In many ways, the challenges foster youth face are the same all young people face at some point in their lives:
Who am I? Why am I here?What do I want to do? How do I get there?
Youth with stable families have a solid foundation to help them answer such questions. Foster youth also have a foundation – a shaky foundation of loss, despair, confusion, fear, and loneliness.
As a community we cannot fix their broken foundation, but we can help raise them to firm ground with understanding support based on proven best practices, nonjudgmental guidance and critical resources.
We must communicate with these youth in ways that they will hear and understand, so that they can take the appropriate next steps towards a brighter future.
Life in Foster Care: the Challenges
- A bachelor’s degree is not the only answer.
- Give youth the opportunity to discover their strengths and passions and formulate obtainable goals.
- Present them with realistic options including certificate programs, degree programs and job training.
- Teach them the true relationship between education and a career.
- Getting into a program is not enough.
- Navigating the post-secondary education system to stay on track academically and financially and to benefit from available opportunities is key.
- Discipline and classroom skills produce complete coursework and timely progression towards a chosen diploma.
- Money makes the world go ‘round.
- Foster youth must learn to plan and budget.
- It is critical that they understand the realities of borrowing money (student loans and credit cards) and what it can mean to their future.
- As graduates, they need to compete on the same level as their non-foster care peers.
- They need to learn how to network
- They must present themselves professionally in an adult setting.
Life in Foster Care: the Solutions:
Since 1981, Foster Care to Success has worked with thousands of foster youth to overcome the challenges, doubts, and fears they face. One of the most important lessons we have learned over the last 30 years is that we can’t genuinely address their individual needs with a “one size fits all” approach.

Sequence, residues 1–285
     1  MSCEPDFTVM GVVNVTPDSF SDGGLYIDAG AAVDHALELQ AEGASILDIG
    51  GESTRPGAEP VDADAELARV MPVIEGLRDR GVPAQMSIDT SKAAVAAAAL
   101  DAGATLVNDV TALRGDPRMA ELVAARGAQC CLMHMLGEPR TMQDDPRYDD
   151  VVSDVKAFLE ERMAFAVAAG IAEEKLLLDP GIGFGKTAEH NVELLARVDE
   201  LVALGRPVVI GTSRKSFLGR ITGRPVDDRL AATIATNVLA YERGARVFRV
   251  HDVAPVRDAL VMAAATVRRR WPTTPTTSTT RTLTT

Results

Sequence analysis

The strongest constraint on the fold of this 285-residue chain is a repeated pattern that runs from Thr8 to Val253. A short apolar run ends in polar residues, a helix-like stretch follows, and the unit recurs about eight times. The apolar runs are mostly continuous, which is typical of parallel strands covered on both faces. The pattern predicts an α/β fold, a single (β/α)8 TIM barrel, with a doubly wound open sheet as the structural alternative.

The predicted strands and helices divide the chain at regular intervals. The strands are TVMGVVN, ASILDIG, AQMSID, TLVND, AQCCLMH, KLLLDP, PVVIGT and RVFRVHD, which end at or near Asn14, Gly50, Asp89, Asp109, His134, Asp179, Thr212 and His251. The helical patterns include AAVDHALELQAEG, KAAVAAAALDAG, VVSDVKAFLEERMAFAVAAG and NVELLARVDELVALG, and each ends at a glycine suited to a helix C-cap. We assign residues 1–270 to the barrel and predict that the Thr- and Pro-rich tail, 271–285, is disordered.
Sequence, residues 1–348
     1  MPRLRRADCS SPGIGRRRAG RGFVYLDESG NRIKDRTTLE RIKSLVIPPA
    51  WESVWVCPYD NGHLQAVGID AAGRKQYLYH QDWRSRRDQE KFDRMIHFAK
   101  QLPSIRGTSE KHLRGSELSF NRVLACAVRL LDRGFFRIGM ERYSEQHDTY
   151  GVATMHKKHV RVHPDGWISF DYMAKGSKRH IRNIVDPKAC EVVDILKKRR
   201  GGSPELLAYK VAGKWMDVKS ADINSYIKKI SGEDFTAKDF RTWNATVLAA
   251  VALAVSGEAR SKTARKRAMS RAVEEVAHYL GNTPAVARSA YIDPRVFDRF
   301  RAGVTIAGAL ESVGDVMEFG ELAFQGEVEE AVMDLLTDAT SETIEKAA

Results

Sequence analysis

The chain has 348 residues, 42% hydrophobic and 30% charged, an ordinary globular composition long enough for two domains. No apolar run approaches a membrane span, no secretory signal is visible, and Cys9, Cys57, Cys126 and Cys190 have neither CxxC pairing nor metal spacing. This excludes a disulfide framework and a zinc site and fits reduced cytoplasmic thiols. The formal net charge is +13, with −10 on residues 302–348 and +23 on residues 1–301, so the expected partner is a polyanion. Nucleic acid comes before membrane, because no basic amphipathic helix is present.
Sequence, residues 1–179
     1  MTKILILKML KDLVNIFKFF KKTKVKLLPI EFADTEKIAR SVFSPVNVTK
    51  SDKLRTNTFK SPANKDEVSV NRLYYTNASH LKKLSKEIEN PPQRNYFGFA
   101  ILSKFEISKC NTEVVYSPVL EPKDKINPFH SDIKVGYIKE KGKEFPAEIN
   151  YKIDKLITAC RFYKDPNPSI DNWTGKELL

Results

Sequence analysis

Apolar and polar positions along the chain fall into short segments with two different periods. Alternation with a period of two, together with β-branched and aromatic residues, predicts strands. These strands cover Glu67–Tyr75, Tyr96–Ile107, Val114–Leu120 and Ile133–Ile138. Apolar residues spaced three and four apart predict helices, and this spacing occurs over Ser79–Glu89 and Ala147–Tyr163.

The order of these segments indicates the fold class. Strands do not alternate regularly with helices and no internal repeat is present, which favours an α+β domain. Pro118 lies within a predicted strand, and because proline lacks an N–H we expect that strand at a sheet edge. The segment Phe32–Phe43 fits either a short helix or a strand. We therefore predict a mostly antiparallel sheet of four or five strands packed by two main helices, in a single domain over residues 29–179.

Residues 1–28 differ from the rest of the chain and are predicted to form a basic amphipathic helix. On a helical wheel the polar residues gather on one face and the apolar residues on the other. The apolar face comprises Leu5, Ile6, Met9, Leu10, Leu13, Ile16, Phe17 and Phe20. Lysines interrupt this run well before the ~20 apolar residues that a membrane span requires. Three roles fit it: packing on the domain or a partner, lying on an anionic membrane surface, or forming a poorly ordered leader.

The solution is support – adequate, appropriate, caring support.
- Support must start early.
- States and local communities dictate the mechanics of foster care — whether and how often children are moved from placement-to-placement and school-to-school.
- By middle or high school, however, social workers, case managers, school counselors and mentors should be working with youth to tease out their interests, talents and dreams.
- Supportive adults must understand the science of brain development and the effects of trauma.
- Adults need to reach young people on their own level, in ways that make sense to them and have meaning in their lives.
- They need to impart a sense of the importance of making good decisions — not just for now but for the future — to youth facing daily struggles.
- Supportive adults must understand the realities of college.
- Adults must understand college and course loads from the perspectives of starry-eyed, eager, but often ill-prepared adolescents.
- We must not set youth up for failure by encouraging them to take classes for which they do not have the background.
- Supportive adults must help students understand the realities of financial aid.
- Young people can amass crippling student loan debt that may be impossible to pay off, especially without a good job post-graduation.
- To avoid massive student loan debt, it is critical that foster youth understand the difference between a grant and a loan, and learn to budget.
- Support needs to be consistent and longterm.
- Foster youth don’t just need help choosing a good career path, getting into a college or training program, or making their first visit to the financial aid office.
- In order to succeed in all of these endeavors and more, they need the same consistent, long-term caring support as any other young adult.